Thursday, June 2, 2011

Character Dynamics

Lately I’ve been reading a lot more than normal, mainly because my head’s so congested I can’t form coherent sentences for my WIP. I came across a few blogs talking about various aspects of character, so I thought I’d add my .02 cents, mainly pertaining to character dynamics and adversity. 

Writers know that characters need to be dynamic—nobody wants to read about a cardboard cut-out. Characters need to grow, change, etc. Bottom line is, if the character is exactly the same at the first and end of the book, the writer hasn’t done a very good job. People change continuously throughout their lives. Characters should be no different.

One way to catalyze character growth is by facing adversity. We all know someone who was a mean jackass until he/she interned at a Monarch butterfly farm and became the most wonderful person ever afterwards. Because internships at Monarch butterfly farms are really life changing. For the greater good.


But we’ve all heard the saying that adversity builds character and changes people. It’s hung around for so long because it’s true. Soldiers come home from war and never pick up a weapon again. A college student dies after being hit by a drunk driver—his/her mother then becomes a public speaker, educating people on the consequences of too much booze. A child who was abused ends up abusing their own children, eventually becoming the adult he or she swore to never be.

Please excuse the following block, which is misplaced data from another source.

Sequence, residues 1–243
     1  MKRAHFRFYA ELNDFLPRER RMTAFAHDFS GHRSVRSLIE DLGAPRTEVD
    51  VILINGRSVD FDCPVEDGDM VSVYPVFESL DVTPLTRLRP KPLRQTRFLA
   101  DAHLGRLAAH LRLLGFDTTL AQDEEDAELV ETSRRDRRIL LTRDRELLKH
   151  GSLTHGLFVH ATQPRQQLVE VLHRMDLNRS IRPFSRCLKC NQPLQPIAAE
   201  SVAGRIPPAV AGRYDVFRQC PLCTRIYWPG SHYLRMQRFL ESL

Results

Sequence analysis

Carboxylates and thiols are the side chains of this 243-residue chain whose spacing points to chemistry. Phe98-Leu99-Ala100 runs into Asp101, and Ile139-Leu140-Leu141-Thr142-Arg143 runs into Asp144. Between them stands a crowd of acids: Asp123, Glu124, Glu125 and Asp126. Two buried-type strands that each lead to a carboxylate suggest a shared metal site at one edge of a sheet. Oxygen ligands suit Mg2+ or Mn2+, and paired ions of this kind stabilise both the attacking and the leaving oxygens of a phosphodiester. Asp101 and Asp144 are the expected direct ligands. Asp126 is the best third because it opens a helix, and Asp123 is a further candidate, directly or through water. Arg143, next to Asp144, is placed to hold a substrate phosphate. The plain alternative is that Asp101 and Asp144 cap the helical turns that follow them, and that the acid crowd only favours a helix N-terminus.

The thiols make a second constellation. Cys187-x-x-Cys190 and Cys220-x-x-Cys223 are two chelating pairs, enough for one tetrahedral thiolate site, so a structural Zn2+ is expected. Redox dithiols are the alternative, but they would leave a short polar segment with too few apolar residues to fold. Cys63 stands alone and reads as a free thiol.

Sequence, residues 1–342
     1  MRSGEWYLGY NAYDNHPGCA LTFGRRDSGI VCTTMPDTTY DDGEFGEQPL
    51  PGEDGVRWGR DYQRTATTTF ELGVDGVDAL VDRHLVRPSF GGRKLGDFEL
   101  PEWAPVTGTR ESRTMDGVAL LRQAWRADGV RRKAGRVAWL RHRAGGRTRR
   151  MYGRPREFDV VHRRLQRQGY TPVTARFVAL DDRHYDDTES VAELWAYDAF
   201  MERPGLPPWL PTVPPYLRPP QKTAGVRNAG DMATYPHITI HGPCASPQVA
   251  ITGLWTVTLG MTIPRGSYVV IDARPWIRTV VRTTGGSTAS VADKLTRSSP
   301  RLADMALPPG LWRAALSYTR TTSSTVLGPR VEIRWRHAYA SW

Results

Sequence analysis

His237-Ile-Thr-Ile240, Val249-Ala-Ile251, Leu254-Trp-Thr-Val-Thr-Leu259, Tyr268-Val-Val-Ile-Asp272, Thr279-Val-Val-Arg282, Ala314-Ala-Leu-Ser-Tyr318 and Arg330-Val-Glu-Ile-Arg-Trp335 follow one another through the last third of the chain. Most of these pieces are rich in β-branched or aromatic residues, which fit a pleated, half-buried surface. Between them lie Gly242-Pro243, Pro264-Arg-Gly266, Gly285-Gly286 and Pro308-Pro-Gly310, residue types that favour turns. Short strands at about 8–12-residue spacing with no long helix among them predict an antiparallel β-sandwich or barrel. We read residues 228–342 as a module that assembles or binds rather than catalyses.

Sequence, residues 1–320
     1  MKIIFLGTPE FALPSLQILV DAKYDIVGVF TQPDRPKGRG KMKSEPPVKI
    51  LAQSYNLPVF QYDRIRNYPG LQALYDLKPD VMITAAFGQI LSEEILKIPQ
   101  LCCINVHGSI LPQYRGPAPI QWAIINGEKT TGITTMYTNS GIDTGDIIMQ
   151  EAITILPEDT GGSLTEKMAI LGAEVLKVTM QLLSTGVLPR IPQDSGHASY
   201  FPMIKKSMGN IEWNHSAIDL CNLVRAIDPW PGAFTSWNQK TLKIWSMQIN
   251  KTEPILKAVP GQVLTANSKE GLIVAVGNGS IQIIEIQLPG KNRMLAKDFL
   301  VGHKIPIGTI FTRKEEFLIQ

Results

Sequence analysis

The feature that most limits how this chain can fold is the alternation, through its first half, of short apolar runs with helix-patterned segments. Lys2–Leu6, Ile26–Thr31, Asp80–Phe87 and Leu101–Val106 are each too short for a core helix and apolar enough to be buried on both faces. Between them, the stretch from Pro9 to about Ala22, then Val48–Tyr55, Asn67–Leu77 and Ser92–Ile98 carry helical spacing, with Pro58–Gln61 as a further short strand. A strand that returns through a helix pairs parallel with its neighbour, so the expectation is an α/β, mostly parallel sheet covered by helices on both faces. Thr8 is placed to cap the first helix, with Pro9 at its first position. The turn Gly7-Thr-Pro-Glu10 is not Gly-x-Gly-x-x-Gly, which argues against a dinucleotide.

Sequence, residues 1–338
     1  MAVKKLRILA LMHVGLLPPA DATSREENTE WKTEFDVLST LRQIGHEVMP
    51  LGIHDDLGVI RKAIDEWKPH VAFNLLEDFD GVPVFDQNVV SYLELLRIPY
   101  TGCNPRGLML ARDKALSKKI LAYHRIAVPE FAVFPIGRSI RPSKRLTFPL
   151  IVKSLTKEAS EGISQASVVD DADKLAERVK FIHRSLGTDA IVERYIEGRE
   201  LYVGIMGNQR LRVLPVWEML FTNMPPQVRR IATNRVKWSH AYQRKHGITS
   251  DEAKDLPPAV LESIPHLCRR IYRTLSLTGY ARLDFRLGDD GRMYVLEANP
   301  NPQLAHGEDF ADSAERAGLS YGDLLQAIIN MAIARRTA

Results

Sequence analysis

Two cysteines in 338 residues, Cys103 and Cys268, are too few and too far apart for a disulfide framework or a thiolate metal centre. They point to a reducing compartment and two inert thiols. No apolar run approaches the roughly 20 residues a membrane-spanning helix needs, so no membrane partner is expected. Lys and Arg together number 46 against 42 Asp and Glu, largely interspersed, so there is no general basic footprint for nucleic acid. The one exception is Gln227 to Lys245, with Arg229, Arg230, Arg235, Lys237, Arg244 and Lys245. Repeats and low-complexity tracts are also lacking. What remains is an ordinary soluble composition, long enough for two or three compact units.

Adversity changes us, sometimes for the better, other times for the worse. But the point is, you have to change to grow. And often you have to experience adversity to change.

In the current ms I’m working on, the main character is a paramedic. She’s a passive healer, not a fighter, but she gets thrown into a world where she’s literally fighting for her life on a near-constant basis. She’s constantly forced into situations where she decides the outcome—roll over and die or fight. Change or suffer. Kill or be killed. Obviously it goes against her beliefs, but she changes to survive.

I once read that it’s not enough to put your MCs in a tall tree and write them climbing down. Around the tree you need to dig a moat and fill it with toxic water and wicked alligators. Then throw rocks at your MC. Maybe let some killer bees loose. Make it difficult—mucho difficult. Throughout all this adversity, the MC who finally braves the bees, stones, and the gator moat shouldn’t be the same as he/she was when stuck at the top of the tree. Those are the kinds of characters readers like to read about. 

So. Go throw rocks at your characters. Torture them. Make them HAVE to change. Stasis is bad. Make them grow.

Got those rocks yet?

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